Shamelessly Feminine: The Business of Boudoir Photography

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All images by Jennifer Rozenbaum. Used with permission. PS: we’re working on a few boudoir pieces in time for WPPI. But we’re keeping them to a minimum.

Jen Rozenbaum was recently featured on creativeLive and makes her living as a boudoir photographer. She states that she embraces her femininity while allowing women to embrace their own. “By daring her clients to shed their clothes, they begin to shed their inhibitions.” is what her bio states. She’s also presenting this year at WPPI.

Jen is a woman that is seemingly very to the point; and that ethic is reflected in the specific ways that she works with clients.

The WPPI Wedding & Portrait Photography Conference+Expo is the premier industry event for photographers and filmmakers specializing in the creative and business aspects of wedding and portrait photography and filmmaking. Each year, nearly 13,000 professional and aspiring photographers and filmmakers attend WPPI to learn new techniques from industry leaders, build new relationships to grow their business, experience new products and solutions from major manufacturers to improve their productivity, and enjoy the many attractions in Las Vegas. February 26-March 5, MGM Grand in Las Vegas.

By using the promo code “WPPI50” you can get $50 off the “Full Platform Pass” which is regularly $299 ($249 with promo code).

Phoblographer: Talk to us about how you first got into photography.

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Jenn: I got into photography six years ago when my daughter was in preschool. I was a stay-at-home mom looking for a distraction from a tough time in my life. So I taught myself how to use a camera!

Phoblographer: What attracted you to shooting portraits?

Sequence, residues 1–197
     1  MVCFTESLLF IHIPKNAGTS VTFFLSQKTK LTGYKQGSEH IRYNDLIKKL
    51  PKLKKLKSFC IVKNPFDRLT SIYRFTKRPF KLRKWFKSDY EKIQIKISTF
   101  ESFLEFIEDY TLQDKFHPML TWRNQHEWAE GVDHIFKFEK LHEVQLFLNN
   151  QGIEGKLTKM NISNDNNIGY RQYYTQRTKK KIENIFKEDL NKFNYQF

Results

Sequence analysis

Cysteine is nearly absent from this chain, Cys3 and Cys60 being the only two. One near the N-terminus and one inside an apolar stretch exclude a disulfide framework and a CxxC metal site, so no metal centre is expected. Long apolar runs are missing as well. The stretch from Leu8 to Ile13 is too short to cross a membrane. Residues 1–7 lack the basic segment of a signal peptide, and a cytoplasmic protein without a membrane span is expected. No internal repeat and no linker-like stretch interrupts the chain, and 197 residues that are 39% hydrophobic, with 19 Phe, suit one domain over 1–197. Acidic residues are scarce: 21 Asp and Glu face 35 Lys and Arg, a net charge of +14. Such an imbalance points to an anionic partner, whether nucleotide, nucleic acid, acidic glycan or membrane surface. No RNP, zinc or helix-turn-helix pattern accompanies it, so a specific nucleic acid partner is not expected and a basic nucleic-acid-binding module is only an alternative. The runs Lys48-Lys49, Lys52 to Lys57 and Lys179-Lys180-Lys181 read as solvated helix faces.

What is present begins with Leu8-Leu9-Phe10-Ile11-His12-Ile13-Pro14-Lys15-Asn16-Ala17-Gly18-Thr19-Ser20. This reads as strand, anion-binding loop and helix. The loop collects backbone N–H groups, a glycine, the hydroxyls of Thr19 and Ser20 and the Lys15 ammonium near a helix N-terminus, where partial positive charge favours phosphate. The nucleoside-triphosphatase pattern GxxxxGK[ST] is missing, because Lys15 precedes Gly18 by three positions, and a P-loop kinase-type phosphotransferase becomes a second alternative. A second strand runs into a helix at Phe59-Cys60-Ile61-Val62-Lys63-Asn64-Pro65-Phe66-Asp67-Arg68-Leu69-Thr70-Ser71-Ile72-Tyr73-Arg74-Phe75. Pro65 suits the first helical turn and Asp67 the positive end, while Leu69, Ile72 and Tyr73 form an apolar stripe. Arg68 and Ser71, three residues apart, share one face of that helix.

Jenn: I first started with shooting small elopement ceremonies in NYC. I never really loved it though. I didn’t know it at the time but it missed the mark for me on what I get out of portraits, and that’s being part of the experience with the client.

Phoblographer: How’d you get started in shooting boudoir?

Jenn: A friend asked me to help her on a boudoir shoot she booked. I was hooked right away!

Phoblographer: Your photography business is boudoir photography. How do you go about marketing it specifically to gain new clients and how would you describe who your clients are?

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Jenn: My clients are women who want to express themselves, discover themselves and have a safe place to be shamelessly feminine. My best marketing tip is to offer a great experience that will generate referrals

Phoblographer: What’s #shameleslyfeminine all about? It’s all over your site.

Jenn: It’s about being feminine in your own unique way. For years women have had boundaries put on them. I say – NOT ANY MORE. A woman can be weak or strong, work or stay home, girly or butchy – and everything in between. It’s about being your genuine you without any shame!

Phoblographer: Talk us through a typical client meeting. What happens? There are lots of women out there that want to feel sexier and better about themselves, and it’s fair to say that that has to be one of the main talking points, yes?

Jenn: I don’t typically meet my clients beforehand. Our conversation usually starts with an email that says, “What are your prices?” Or something equally as boring. Instead of replying with my prices I tell them I want to learn more about them and their reasons for doing a shoot and the experience really starts there.

Phoblographer: Where do you get your creative ideas and poses?

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Jenn: Everywhere! Music, Tv, Movies, pop culture – any place I can gain inspiration from other women.

Phoblographer: What are some essential items that you think every boudoir shoot needs?

Jenn: A woman, a photographer, a camera and an open mind.

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Phoblographer: Let’s discuss the psychology behind boudoir and the shoot itself. It’s something that’s beautiful, empowering, vulnerable and personal all at the same time. Do you ever feel like sometimes an idea doesn’t work? If so, how do you and your subject work to modify it on the spot?

Jenn:  I work very carefully in listening to my clients and try to understand what they are looking for out of a shoot. If they are uncomfortable with something or the shoot isn’t manifesting in the look they were thinking of, you can usually read it on their face. So I just ask. Communication is key!

Phoblographer: Talk to us about the gear that you use and your post production habits.

Jenn: I use all Sigma Lenses. The 35, 50, 24-105 Art lenses as well as the standard 50, 85, 24-70 and 70-200. My body is the Nikon D3s. I also use Westcott and Profoto lights in the studio. I do very little post production. I cull and color correct in LR and Retouch in PS.

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